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Thinking in C++
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Non-member operators

In some of the previous examples, the operators may be members or non-members, and it doesn’t seem to make much difference. This usually raises the question, “Which should I choose?” In general, if it doesn’t make any difference, they should be members, to emphasize the association between the operator and its class. When the left-hand operand is always an object of the current class, this works fine.

However, sometimes you want the left-hand operand to be an object of some other class. A common place you’ll see this is when the operators << and >> are overloaded for iostreams. Since iostreams is a fundamental C++ library, you’ll probably want to overload these operators for most of your classes, so the process is worth memorizing:

//: C12:IostreamOperatorOverloading.cpp
// Example of non-member overloaded operators
#include "../require.h"
#include <iostream>
#include <sstream> // "String streams"
#include <cstring>
using namespace std;

class IntArray {
  enum { sz = 5 };
  int i[sz];
  IntArray() { memset(i, 0, sz* sizeof(*i)); }
  int& operator[](int x) {
    require(x >= 0 && x < sz,
      "IntArray::operator[] out of range");
    return i[x];
  friend ostream&
    operator<<(ostream& os, const IntArray& ia);
  friend istream&
    operator>>(istream& is, IntArray& ia);

operator<<(ostream& os, const IntArray& ia) {
  for(int j = 0; j <; j++) {
    os << ia.i[j];
    if(j != -1)
      os << ", ";
  os << endl;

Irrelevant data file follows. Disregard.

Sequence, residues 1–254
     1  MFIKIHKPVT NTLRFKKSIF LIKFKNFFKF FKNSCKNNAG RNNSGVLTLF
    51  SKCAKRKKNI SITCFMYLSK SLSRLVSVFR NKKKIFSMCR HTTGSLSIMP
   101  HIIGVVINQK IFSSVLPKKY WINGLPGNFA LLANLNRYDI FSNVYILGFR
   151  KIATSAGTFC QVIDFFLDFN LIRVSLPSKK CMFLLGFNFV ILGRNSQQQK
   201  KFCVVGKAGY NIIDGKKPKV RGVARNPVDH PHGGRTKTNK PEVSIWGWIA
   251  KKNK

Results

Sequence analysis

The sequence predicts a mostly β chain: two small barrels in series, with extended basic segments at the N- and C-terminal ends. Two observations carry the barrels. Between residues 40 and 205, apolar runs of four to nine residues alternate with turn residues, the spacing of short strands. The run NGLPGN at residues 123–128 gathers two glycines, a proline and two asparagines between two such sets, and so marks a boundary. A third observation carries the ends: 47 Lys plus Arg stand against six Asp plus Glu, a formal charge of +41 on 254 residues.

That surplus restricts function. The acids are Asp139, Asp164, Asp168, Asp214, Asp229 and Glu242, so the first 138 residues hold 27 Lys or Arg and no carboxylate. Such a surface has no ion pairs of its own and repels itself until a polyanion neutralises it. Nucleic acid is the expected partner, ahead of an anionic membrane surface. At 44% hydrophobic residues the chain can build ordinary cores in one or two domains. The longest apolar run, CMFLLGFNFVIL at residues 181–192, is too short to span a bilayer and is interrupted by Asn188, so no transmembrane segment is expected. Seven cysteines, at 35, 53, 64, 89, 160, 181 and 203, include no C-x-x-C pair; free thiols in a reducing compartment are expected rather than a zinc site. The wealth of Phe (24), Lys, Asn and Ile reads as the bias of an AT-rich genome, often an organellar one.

return os;

istream& operator>>(istream& is, IntArray& ia){
  for(int j = 0; j <; j++)
    is >> ia.i[j];
  return is;

int main() {
  stringstream input("47 34 56 92 103");
  IntArray I;
  input >> I;
  I[4] = -1; // Use overloaded operator[]
  cout << I;
} ///:~

This class also contains an overloaded operator [ ], which returns a reference to a legitimate value in the array. Because a reference is returned, the expression

I[4] = -1;

not only looks much more civilized than if pointers were used, it also accomplishes the desired effect.

It’s important that the overloaded shift operators pass and return by reference, so the actions will affect the external objects. In the function definitions, expressions like

os << ia.i[j];

cause the existing overloaded operator functions to be called (that is, those defined in <iostream>). In this case, the function called is ostream& operator<<(ostream&, int) because ia.i[j] resolves to an int.

Once all the actions are performed on the istream or ostream, it is returned so it can be used in a more complicated expression.

In main( ), a new type of iostream is used: the stringstream (declared in <sstream>). This is a class that takes a string (which it can create from a char array, as shown here) and turns it into an iostream. In the example above, this means that the shift operators can be tested without opening a file or typing data in on the command line.

The form shown in this example for the inserter and extractor is standard. If you want to create these operators for your own class, copy the function signatures and return types above and follow the form of the body.

Thinking in C++
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   Reproduced courtesy of Bruce Eckel, MindView, Inc. Design by Interspire